While its historical importance is undeniable, it’s difficult to actually experience this film as one assumes its intended audience did; that is, as dramatically compelling or consistently entertaining. It’s not just me: the print shown included a b&w wraparound featuring Ossie Davis engaging in some special pleading for this and the other films in the ”Tyler Black Film Collection”. Glad I saw it, but how often do I say otherwise?

Related: [38] Paradise in Harlem (1939, William Seiden), another film w/ an all-black cast, though this one was the first feature by a director whose work was otherwise almost entirely for a different “parallel market,” the Yiddish-language one. Mainly concerns a vaude/nightclub comic (we see him first in cork, ala Bert Williams) who dreams of doing Othello. (Robeson’s Broadway Othello, I believe the first with an African-American in the title role, was ’42.) This eventually happens: the film’s final sequence is a version of the handkerchief scene in which audience heckling gradually turns into a gospel obbligato, to which the actors respond by singing their lines in blues cadence, all this eventually leading – not particularly sensibly, given the onstage happenings, but somewhat cathartically – to general lindying in the aisles. This set piece is very well orchestrated, visually and musically. Otherwise, the film exhibits the same mixture of vernacular élan and self-consciously respectable stiffness as the Micheaux, with the generous time given over to minimally motivated “numbers” making it more engaging overall: it’s fascinating to see significant ‘30s-‘40s bandleader Lucky Millinder in action, for instance. The story heads South at one point: there’s an interesting representation of a juke joint, with a performance of a song with some striking lines about missing the work from the WPA more than one’s woman.

(Both of these are from the terrific MOMA series ”Hollywood on the Hudson,” inspired by Richard Kozsarski’s eponymous book on studio and independent filmmaking in NYC. I’ll be at a lot of these in the coming weeks; especially excited to get another crack at the 1933 tuner Moonlight and Pretzels.)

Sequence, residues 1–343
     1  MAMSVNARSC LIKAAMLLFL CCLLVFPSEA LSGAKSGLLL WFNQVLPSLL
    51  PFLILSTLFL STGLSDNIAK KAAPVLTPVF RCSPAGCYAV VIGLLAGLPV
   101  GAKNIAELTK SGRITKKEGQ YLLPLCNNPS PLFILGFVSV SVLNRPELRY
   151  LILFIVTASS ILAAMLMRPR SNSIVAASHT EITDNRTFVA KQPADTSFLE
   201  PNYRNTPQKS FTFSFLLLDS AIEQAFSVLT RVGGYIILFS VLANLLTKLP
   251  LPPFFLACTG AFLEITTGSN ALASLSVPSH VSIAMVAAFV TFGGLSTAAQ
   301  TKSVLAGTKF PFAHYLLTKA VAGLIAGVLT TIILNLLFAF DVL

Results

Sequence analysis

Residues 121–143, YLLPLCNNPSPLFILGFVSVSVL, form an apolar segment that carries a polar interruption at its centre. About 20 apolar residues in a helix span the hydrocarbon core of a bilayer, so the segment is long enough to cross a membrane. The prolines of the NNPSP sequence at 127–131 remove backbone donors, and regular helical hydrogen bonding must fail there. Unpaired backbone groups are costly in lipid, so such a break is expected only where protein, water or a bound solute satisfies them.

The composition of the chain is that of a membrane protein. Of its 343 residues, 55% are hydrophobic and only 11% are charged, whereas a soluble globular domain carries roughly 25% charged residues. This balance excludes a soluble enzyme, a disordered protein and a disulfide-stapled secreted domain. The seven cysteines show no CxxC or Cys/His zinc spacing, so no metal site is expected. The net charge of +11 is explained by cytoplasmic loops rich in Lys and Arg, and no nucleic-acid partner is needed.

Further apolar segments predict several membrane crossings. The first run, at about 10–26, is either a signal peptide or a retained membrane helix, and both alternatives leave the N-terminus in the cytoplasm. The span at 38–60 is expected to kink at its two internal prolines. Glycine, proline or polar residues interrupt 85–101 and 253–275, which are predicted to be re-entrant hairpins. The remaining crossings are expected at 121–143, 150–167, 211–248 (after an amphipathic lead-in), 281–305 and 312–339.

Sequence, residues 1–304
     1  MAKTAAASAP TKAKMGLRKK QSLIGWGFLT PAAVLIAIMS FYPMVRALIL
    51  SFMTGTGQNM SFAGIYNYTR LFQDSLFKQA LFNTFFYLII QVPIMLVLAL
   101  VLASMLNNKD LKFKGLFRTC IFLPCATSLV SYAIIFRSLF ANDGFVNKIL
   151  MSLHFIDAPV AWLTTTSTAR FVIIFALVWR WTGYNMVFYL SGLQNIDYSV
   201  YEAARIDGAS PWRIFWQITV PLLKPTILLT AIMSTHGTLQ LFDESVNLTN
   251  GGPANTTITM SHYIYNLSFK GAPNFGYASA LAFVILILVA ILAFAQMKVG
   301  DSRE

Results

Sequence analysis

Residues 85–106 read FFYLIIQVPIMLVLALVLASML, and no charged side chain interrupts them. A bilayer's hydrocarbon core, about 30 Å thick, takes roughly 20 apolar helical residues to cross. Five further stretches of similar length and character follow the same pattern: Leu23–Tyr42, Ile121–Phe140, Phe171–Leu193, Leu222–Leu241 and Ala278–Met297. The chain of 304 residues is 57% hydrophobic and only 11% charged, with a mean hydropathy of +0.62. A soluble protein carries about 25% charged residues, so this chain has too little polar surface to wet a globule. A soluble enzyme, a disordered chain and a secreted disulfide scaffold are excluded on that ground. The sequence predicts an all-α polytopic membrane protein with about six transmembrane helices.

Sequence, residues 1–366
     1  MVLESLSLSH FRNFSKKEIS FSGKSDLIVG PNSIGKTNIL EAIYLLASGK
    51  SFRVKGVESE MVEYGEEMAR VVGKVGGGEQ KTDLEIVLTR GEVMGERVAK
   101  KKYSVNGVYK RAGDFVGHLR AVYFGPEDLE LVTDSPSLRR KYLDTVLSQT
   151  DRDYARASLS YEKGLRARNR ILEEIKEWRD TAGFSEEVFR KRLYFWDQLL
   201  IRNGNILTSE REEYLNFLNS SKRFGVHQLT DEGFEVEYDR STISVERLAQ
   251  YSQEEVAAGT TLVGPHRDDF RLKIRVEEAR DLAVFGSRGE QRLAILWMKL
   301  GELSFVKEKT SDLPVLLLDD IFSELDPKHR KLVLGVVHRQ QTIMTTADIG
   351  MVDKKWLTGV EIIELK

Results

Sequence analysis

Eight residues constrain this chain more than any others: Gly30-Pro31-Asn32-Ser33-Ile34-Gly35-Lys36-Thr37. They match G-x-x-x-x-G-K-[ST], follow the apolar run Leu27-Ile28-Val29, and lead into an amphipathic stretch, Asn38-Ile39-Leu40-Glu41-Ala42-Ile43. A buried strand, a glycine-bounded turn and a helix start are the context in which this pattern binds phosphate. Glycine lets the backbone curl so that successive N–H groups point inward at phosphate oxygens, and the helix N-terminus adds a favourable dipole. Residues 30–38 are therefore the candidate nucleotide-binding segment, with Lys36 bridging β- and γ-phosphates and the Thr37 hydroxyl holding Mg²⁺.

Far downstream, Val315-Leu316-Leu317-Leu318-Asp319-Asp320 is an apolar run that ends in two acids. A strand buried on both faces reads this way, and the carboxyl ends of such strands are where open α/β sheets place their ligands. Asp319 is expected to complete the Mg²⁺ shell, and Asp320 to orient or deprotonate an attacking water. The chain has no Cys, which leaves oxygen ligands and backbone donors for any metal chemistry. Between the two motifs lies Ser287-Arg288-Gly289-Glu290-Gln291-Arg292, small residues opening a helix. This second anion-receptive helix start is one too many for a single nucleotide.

Saw [39] Fully Awake: Black Mountain College Experience (2007, Cathryn Zommer, Neeley House), a straightforwardly informative but not especially probing video doc. Probably better to read about the place: most of the surviving students/graduates (out of 1200 of the former, there were only 60 of the latter) hammer home the same points about self-determination in a generally self-congratulatory manner (one exception is the guy who says, roughly, “Freedom can be as difficult to deal with as oppression”), and, as there doesn’t seem be much archival footage available, most of the piece is made up of stills and talking heads. Not enough specifics on Albers’s departure; nor, really, anything that would tell you why Charles Olson is an interesting figure, beyond being extremely tall. I probably found this film annoying partly because of my previous experience with an institution with some pretenses toward a diluted version of Black Mountain values, though minus the work program or noticeable emphasis on actual responsibility. Nice to see Jonathan Williams, though. The credits mentioned support from Ray Johnson (not his estate or anything like that), which can only mean that the project was underway before his death in 1995. [There are a couple of small, concentrated Johnson assemblages, by the way, in “Looking at Music,” [40] a not especially tightly-focused exhibition up concurrently in the museum.]

Oh, my Believer review of [41] The Nancy Book begins here; the rest may or may not still be on the stands. See also Jordan’s more extensive take.

Speaking as someone who would be gladdened to imagine that a viable political candidate actually found someone like William Ayers minimally comprehensible, and realizing that locating logical gaps in present-day political speech is akin to finding, I don't know, glass in a window: wouldn't a conventional term for someone who "doesn't see America as you and I see America" be "maverick"? (Andrew Sullivan's reminder of the precise origins of that term is also salutary.)